When COVID happened, we had to look at a different way of promoting ourselves. We had to build trust that we could still deliver really good content online. So we bought a microphone and started our own podcast and that gave us new online reach.
Obviously, we use Zoom. And because we have an upstairs/downstairs [office] setup we need reliable internet, so we also have a WiFi range extender. We’re also doing our presentations for early childhood educators from home, so we recently upgraded our laptops.
These are all things that we rely upon on a daily basis to make sure we have good internet, good technology, good sound, so that our clients still feel like it’s a professional experience. There are still a few things that we do the old-school way, like postage and handling, so our next step is looking at label printers for our parcels. Nothing happens for us instantly. It's all pretty gradual.
When You Know Your Idea Is Working
I was pretty shocked at the impact my messages were having: our social media influence grew quite rapidly and there was a huge amount of email from educators wanting support. It took off for us and we're very fortunate that it did from a business point of view. Professionally, I've been able to work with people I never thought would have offered me a seat at the table.
I never had a vision in terms of business success, but I did have a vision for what I wanted to achieve in terms of our profession and improving the outcomes for Aboriginal and Torres Strait Islander children and their families. Educators are becoming more socially aware and informed, more interested and more determined to reflect and review their practices. But I still don't know where we're going to end up. Nothing has gone to plan, but it's worked out great.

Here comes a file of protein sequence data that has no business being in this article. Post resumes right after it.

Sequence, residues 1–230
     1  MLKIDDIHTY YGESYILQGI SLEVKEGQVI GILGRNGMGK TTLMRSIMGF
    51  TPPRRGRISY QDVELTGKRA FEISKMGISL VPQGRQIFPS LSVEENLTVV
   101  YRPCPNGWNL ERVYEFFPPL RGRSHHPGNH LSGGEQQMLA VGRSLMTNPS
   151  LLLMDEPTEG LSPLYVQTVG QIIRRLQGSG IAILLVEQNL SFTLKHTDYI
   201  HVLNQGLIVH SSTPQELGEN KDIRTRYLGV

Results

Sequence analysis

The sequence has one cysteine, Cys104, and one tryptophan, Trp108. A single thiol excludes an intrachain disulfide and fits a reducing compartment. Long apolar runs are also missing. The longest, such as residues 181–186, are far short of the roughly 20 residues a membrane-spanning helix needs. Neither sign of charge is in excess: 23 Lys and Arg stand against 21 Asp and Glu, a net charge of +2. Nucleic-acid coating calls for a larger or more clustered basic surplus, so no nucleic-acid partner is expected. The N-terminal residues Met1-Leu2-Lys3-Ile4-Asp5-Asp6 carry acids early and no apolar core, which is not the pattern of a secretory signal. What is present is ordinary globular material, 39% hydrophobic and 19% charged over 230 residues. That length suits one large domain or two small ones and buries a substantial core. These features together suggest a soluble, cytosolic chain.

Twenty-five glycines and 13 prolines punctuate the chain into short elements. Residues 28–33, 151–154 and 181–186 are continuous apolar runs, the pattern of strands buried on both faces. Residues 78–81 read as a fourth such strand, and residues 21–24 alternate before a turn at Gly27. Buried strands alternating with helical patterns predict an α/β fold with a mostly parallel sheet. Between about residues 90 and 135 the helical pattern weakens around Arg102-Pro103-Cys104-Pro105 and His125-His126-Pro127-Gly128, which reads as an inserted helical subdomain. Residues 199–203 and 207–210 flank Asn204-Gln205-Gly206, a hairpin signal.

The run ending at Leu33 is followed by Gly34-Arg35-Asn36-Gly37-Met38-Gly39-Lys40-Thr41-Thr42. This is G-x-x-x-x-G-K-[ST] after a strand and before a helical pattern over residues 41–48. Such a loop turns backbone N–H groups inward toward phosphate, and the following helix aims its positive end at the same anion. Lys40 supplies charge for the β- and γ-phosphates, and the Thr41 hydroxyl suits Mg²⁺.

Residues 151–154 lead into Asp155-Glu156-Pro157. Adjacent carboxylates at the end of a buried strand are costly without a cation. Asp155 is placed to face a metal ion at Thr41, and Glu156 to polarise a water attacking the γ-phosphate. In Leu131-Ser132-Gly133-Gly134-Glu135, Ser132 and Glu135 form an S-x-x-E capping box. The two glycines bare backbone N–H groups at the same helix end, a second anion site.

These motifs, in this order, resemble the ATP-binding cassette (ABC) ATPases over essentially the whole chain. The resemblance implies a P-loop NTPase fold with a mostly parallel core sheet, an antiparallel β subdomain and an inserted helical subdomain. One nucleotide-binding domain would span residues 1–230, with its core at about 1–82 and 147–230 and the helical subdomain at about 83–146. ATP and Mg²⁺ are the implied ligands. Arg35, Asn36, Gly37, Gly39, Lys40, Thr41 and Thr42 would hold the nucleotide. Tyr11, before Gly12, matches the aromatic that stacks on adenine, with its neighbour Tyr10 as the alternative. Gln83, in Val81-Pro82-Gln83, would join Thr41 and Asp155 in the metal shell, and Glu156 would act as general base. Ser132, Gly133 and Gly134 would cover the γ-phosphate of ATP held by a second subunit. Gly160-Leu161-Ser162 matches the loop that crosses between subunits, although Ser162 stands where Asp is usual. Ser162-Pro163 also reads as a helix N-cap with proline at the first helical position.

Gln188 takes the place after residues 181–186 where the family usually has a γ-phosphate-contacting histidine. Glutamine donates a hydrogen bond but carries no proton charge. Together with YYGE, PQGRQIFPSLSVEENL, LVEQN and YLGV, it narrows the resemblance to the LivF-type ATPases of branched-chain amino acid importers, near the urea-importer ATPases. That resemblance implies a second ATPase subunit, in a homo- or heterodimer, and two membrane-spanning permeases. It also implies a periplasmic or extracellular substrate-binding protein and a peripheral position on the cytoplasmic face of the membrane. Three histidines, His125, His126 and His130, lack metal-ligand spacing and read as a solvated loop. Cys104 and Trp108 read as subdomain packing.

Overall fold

Knowing When to Outsource
For me, it would have been hugely beneficial to invest in outside support from the beginning. I have support in place now for the website, plus graphic designers and people who understand the back end of all our systems. What takes them 15 minutes, used to take me three hours. Letting go of some of those things is also about letting go of control. If I had prioritised taking time to work with some experts and getting that help earlier on it would have really helped my business.
Finding the Work-life Balance
I’ve always believed you work to live, you don't live to work. But for a long time I was a workaholic. I didn't have weekends off; I was working evenings and working days. I've had time to step back and think about the family I'm about to have [Jessica was pregnant at the time of writing], and wanting to spend more time with my nieces and nephews. It’s really important to maintain a work-life balance, because if your cup is empty, you don't really have anything of substance to give.
My main goal now is to make sure the business is sustainable, and things don't always hinge on me and my voice. Being able to bring other First Nations voices and educators on board to be able to continue sharing that message is important.
What To Try
- Microsoft 12.4" Surface Laptop Go 2 Core i5/8GB/128GB Win11
- Square Terminal
- Otto Brights Glass Drink Bottle 600mL White
- Otto Brights Ceramic Coffee Cup 260mL Mint
- TP-LINK AC2600 WiFi Range Extender RE650
- Dymo LabelWriter 550 Label Printer Value Pack
- Anker Nebula Pocket Portable Wireless Projector
- Epson ELP-SC21B 80" Tripod Projector Screen Black
- Blue Yeti 3-Capsule USB Microphone Blue